“I’m not afraid to work with the Democrats on things like Medicaid expansion,” he said.
Driskill foresees good legislation coming out of his chamber.
“Those tough splits make it harder to do it, but it makes for better legislation,” he said. “The bills generally have amendments on them that make them better, and that’s called compromising.”
Compromise has become a dirty word in some GOP circles. U.S. Rep.-elect Hageman recently told Wyoming Public Radio she’s not interested in finding a middle ground.
“I do not agree with the Democrats and I’m not going to apologize for that or try to find a way to compromise, to reach a middle ground, so that I’m moving more towards the Democrats,” Hageman said.
But in the Wyoming House, the GOP’s top two leaders, who hail from different factions, say they’re committed to working together.
“We’re trying to find a path where we all get along,” Sommers said, “and it’s really about Chip [Neiman] and I communicating.”
Neiman has plenty in common with Sommers, including their multi-generation cattle ranching backgrounds. He, too, pledged to work cooperatively regardless of political allegiances.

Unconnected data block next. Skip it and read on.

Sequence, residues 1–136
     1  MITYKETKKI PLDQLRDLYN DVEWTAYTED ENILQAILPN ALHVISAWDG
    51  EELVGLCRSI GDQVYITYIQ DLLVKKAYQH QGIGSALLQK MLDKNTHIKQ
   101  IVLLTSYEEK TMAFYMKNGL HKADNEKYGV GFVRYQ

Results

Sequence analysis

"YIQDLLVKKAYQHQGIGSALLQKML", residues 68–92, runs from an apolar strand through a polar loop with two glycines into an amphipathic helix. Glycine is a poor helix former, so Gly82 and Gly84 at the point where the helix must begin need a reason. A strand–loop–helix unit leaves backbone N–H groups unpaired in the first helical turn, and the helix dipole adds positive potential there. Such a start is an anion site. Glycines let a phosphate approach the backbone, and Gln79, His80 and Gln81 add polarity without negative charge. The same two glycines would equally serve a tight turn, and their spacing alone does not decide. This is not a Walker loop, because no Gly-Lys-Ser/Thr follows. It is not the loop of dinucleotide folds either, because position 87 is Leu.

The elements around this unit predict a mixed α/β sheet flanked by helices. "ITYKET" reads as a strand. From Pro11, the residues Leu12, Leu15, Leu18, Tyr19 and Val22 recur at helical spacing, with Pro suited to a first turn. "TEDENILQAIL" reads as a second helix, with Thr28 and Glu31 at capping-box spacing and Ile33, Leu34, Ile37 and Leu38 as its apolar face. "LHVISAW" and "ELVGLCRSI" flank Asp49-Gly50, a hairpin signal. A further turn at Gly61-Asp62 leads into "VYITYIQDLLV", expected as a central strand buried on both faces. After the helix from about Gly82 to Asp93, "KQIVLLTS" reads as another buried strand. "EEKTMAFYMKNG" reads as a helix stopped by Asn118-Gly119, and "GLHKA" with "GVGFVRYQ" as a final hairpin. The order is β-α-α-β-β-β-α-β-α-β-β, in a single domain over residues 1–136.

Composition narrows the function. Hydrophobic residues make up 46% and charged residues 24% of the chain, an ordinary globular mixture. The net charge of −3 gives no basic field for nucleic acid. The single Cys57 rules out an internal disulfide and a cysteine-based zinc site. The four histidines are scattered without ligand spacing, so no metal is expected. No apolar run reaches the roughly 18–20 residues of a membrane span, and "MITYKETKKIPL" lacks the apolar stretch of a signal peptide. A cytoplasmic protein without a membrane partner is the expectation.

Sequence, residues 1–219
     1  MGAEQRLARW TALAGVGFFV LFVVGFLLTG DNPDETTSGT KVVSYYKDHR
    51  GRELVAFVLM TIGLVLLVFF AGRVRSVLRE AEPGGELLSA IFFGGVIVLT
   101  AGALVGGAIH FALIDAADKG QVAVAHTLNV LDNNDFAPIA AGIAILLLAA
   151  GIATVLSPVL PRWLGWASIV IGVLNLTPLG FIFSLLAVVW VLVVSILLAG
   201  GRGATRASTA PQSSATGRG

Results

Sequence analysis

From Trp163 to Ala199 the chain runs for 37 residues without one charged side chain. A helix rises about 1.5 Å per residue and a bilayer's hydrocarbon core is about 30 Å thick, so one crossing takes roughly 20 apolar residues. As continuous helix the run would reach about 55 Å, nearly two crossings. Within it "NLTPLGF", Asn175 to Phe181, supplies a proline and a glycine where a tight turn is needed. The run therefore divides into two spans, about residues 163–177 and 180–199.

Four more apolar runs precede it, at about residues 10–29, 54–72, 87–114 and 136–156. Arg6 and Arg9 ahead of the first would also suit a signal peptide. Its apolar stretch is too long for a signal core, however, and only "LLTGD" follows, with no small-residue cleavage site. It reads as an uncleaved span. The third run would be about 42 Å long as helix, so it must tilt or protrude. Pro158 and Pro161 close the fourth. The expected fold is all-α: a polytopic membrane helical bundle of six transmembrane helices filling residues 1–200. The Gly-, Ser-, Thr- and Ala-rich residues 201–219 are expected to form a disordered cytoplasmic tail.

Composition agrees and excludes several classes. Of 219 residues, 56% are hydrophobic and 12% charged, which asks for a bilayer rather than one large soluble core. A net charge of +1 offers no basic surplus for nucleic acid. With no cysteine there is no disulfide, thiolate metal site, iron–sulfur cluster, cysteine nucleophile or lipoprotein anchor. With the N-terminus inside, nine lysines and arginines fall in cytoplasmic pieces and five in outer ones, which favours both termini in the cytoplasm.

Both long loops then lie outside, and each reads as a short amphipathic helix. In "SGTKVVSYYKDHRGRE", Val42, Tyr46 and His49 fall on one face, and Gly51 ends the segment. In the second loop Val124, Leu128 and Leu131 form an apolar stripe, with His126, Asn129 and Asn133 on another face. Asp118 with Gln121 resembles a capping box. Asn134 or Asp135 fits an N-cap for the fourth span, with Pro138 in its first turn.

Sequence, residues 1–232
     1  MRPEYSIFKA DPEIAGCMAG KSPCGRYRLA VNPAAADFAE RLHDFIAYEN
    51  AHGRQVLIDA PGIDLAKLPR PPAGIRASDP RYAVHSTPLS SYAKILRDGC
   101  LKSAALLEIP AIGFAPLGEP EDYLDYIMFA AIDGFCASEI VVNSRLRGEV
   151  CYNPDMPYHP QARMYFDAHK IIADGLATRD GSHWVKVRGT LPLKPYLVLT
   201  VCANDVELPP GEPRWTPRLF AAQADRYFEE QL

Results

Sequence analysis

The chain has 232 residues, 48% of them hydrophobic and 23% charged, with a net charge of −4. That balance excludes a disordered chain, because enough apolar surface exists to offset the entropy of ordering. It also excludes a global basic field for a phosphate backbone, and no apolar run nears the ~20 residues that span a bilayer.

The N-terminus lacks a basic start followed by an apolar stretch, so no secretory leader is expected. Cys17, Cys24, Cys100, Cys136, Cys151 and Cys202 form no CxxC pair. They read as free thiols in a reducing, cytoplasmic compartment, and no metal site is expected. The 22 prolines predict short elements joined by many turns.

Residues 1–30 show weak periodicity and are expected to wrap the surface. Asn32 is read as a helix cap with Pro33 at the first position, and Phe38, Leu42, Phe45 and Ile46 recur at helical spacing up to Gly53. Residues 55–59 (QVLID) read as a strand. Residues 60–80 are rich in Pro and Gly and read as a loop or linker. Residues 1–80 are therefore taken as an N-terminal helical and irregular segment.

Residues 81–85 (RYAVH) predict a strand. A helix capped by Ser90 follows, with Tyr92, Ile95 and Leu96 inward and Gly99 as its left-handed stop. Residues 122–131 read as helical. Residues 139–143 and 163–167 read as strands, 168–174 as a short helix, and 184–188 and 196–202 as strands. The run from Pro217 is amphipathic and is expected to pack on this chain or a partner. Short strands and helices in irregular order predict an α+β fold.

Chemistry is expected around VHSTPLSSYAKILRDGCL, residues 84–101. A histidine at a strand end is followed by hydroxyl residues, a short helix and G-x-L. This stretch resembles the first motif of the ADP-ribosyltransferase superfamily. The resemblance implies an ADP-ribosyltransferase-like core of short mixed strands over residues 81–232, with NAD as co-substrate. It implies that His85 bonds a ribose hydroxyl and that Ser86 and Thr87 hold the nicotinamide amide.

“I don’t believe you can come in there and say, ‘It’s my way or the highway,’” Neiman said. “I will be open to working with both views to try to find some ground where we can work together and get some good things passed.”
As the majority floor leader, Neiman said his learning curve is again high. He’s bracing for that same exciting yet scary feeling of not quite knowing what he’s doing.
“But that’s OK,” Neiman said. “If the Lord didn’t want me in there, I wouldn’t be there.”
Other than a school board stint, until a few years ago Neiman had never engaged in Wyoming politics. He climbed the ladder within the Crook County Republican Party, then decided to run after he failed to get his then representative, Lindholm, to attend a local event to answer questions and discuss legislation, Neiman said.
“It always bothered me, this unavailability of my representative,” he said.
Although the broader Neiman family owned timber mills and has been politically influential in Crook County, Driskill confirmed that Chip Neiman’s ascension came out of nowhere.
“They were unknowns statewide, they were unknowns county-wide,” Driskill said, referring to Chip’s branch of the Neiman family before he ran against Lindholm.
Just a few years later, Neiman will be managing and ordering the General File list of bills that appears before the Wyoming House over the course of an eight-week-long legislative session.
“For whatever reason, I’m here,” Neiman said. “I’m going to do the very best job that I possibly can for everybody.”